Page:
Catrin by Gillian Clarke (Annotated Analysis)

March 29, 2018

Catrin Poem ndash; A Poem by Gillian Clarke

This poem refers to the intense emotional bond between mother and daughter

Annotated Analysis

Following on from our text version and summary of the poem, here is our expert analysis

Catrin (the speaker’s – most likely the poet’s – daughter)

I can remember you, child,

As I stood in a hot, white

Room at the window watching (in the hospital, before she was born)

The people and cars taking

Turn at the traffic lights.

I can remember youour first (repetition of the earlier phrase: parents often refer back to their children being born at important moments in their life)

Fierce confrontation, the tight (the labour)

Red rope of love which we both

Fought over. It was a square (the umbilical cord – the speaker likens the birthing process to a tug of war between mother and baby)

Environmental blank, disinfected

Of paintings or toys. I wrote

All over the walls with my

Words, coloured the clean squares (there was nothing in the room – at least nothing that the speaker can remember – other than her screams/shouts)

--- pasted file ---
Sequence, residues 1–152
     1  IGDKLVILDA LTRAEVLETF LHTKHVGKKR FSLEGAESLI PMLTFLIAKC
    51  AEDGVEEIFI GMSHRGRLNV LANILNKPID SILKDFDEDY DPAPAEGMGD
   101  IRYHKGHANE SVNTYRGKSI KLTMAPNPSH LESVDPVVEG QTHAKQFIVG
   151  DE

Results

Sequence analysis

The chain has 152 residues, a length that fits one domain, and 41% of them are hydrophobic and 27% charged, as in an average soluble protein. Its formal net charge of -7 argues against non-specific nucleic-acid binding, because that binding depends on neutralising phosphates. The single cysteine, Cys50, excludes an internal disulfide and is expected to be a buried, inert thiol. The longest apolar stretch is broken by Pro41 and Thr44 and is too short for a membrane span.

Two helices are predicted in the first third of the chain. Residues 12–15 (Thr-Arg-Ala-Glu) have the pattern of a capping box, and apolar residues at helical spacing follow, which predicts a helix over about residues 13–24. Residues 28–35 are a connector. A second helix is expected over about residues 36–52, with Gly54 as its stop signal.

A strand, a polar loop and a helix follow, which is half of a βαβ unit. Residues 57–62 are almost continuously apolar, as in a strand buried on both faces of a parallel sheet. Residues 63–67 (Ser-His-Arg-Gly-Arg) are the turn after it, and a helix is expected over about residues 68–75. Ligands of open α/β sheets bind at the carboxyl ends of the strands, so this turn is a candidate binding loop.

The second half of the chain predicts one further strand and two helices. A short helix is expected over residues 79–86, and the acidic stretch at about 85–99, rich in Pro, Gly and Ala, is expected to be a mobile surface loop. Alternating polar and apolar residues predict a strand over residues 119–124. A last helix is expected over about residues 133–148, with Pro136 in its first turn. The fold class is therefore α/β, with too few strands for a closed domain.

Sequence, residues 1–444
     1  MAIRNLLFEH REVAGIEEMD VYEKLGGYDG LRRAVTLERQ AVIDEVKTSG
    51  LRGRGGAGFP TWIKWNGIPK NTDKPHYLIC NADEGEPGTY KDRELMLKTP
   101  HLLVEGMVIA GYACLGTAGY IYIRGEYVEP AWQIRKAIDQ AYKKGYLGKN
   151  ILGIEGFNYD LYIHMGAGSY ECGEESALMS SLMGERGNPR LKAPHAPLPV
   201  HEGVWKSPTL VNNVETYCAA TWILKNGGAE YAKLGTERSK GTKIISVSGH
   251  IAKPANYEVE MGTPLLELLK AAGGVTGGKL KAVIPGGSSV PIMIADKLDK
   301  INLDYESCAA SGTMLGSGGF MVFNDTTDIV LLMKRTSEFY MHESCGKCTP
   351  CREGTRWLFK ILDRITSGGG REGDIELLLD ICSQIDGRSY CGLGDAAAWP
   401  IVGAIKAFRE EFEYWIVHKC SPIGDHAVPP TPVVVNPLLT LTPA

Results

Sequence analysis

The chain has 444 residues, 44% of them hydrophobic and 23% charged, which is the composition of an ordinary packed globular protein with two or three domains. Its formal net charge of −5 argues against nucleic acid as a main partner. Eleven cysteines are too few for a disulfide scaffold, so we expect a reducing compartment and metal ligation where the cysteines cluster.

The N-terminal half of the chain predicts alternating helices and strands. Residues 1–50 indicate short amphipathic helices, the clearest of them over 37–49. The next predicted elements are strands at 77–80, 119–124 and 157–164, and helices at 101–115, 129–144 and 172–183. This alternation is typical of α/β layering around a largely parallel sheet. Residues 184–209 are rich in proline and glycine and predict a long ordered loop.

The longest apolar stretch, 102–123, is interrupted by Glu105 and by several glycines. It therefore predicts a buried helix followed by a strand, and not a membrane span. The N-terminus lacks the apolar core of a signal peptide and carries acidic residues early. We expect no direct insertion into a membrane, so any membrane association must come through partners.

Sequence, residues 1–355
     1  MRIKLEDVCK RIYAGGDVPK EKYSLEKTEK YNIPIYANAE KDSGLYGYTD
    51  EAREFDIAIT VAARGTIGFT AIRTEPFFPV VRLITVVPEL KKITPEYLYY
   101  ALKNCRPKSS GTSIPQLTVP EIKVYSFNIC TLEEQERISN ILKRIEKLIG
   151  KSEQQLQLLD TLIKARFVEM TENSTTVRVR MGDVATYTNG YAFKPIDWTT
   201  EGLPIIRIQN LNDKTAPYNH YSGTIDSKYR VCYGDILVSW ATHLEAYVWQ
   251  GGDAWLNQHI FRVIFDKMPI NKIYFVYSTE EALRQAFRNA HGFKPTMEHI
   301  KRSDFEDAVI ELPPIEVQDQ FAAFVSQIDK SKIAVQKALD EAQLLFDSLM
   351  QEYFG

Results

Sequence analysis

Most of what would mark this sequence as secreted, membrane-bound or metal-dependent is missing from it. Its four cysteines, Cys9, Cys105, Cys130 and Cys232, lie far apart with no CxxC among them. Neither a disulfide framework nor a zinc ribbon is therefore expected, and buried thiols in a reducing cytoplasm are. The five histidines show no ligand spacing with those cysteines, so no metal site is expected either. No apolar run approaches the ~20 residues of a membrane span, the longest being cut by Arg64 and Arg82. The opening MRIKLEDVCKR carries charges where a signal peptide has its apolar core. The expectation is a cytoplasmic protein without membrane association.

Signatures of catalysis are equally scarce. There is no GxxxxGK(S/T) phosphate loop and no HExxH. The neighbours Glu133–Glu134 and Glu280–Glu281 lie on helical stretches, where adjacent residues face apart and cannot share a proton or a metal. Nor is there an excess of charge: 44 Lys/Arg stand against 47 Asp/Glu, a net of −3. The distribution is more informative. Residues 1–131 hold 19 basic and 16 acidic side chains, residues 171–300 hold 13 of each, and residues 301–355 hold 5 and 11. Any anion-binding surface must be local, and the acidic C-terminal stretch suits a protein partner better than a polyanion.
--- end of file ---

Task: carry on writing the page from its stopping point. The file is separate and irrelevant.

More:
With the wild, tender circles (it was ‘a labour of love’ all the same)

Of our struggle to become

Separate. We want, we shouted,

To be two, to be ourselves.

Neither won nor lost the struggle

In the glass tank clouded with feelings (seems to be a reference to the maternity ward once again; if this were Plath, you could infer this is a metaphor for life itself and the life mother and daughter shared early on)

Which changed us both. Still I am fighting

You off, as you stand there (where love is, there will always be some form of tension; ironically, this time the mother is fighting to be with rather than apart from her daughter)

With your straight, strong, long

Brown hair and your rosy,

Defiant glare, bringing up

From the heart’s pool that old rope, (although her daughter is being ‘defiant’, she cannot help but love her, perhaps even for her defiance)

Tightening about my life, (this love gives her life meaning and structure)

Trailing love and conflict, (the paradox of all parent-child relationships)

As you ask may you skate

In the dark, for one more hour. (the moment that sparks this poem, it seems)

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